Get ready to brocc-around the clock tonight with our newest superfood: broccoli. This vitamin and mineral-packed powerhouse has everything from disease-fighting compounds to much-needed fiber.
Taking Stalk — The Need-to-Know
Cruciferous vegetables like broccoli are a formidable family of anti-cancer all-stars, but let’s get real: they’re a tough bunch for some to love. Fibrous, harsh, and full of crunch, they range from the bitter (horseradish and mustard) to the bland (cabbage and collards), with Brussels sprouts and broccoli falling somewhere in between. Broccoli stands out among its cruciferous kin for exceptionally high levels of vitamin C and folate (which reduces the risk of heart disease, certain cancers, and stroke) . And what makes these crunchy stalks tough (fiber to help digestion) and pungent (a super-dose of bitter vitamins) is precisely what makes them healthy. Just try not to go overboard on the ranch dressing.
I’m All Floret! — Your Action Plan
But the question remains: should we serve broccoli raw, boiled, or steamed? The raw camp says any exposure to heat will damage certain cancer-fighting nutrients. But others believe boiling broccoli makes it easier to digest and boosts vitamin A content. Finally, the steamers invoke Goldilocks' hypothesis that not too hot or too cold is just right for preserving broccoli's vitamin C and proteins .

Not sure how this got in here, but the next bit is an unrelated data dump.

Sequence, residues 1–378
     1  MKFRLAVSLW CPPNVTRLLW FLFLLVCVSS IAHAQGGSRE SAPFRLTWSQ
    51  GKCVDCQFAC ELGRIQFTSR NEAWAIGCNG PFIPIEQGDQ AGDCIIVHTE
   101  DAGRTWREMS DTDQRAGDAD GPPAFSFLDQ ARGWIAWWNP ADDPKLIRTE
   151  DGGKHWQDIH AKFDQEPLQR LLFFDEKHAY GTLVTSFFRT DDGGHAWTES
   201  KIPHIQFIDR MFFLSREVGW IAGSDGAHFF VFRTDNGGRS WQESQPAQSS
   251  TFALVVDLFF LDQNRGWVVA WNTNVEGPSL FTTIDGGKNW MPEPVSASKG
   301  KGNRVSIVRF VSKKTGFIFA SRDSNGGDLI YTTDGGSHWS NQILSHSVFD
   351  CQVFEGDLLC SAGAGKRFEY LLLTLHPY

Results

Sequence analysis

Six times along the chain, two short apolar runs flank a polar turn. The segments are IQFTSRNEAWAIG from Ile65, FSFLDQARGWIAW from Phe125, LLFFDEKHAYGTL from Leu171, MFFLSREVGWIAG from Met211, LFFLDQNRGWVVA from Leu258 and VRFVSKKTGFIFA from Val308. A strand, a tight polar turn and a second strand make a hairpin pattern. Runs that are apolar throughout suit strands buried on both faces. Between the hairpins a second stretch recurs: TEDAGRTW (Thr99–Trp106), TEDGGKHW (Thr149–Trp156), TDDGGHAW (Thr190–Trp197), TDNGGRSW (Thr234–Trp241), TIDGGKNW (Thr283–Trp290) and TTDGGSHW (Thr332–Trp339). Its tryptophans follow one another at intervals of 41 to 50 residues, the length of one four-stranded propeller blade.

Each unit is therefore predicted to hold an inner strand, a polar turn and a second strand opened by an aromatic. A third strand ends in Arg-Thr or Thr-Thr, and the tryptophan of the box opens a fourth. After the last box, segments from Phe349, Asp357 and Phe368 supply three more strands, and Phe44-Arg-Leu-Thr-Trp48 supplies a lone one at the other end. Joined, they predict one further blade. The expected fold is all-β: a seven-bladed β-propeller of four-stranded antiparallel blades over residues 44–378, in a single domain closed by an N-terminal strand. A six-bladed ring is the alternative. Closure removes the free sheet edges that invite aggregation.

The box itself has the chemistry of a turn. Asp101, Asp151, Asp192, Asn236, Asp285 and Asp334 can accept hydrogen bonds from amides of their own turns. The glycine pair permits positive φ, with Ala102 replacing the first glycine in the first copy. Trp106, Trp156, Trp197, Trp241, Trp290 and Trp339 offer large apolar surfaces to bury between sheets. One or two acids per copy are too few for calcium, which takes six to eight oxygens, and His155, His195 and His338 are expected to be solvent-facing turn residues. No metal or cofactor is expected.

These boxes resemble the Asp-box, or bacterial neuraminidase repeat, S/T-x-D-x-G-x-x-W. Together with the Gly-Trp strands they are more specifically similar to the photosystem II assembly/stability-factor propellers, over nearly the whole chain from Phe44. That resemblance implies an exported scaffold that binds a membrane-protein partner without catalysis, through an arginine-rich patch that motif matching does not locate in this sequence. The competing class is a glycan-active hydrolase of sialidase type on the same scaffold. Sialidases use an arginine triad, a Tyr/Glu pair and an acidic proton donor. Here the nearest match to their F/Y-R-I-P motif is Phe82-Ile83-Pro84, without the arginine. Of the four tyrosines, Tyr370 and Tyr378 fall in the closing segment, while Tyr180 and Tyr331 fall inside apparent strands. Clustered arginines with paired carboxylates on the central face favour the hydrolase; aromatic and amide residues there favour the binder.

The bottom line: broccoli has a slew of vitamins, minerals, and other beneficial compounds, all of which respond to heat in different ways. Whether it's raw, steamed, or boiled, eat more broccoli and reap the benefits. Broccoli’s assertive flavor works particularly well with curries, garlic, cranberries, pine nuts, and lemon zest. And if mixing and matching fails, chomping a plain stalk will make a champion out of just about anyone.
Photo by Kate Morin
- Epidemiological studies on brassica vegetables and cancer risk. Verhoeven, D.T., Goldbohm, R.A., van Poppel, G., Verhagen, H., and van den Brandt, P.A. Netherlands Organization for Applied Scientific Research, Nutrition and Food Research Institute, Zeist, The Netherlands. Cancer Epidemiology, Biomarkers and Prevention. 1996 Sep;5(9):733-48.⤴
- Broccoli consumption interacts with GSTM1 to perturb oncogenic signaling pathways in the prostate. Traka, M., Gasper, A.V., Melchini, A., et al. PLOs One. Phytochemicals and Health Programme, Institute of Food Research, Norwich Research Park, Norwich, United Kingdom. 2008 Jul 2;3(7):e2568.⤴
- Effects of different cooking methods on health-promoting compounds of broccoli. Yuan, G.F., Sun, B., Yuan, J., et al.Department of Horticulture, Zhejiang University, Hangzhou, China. Journal of Zhejiang University Science B. 2009 Aug;10(8):580-8.⤴
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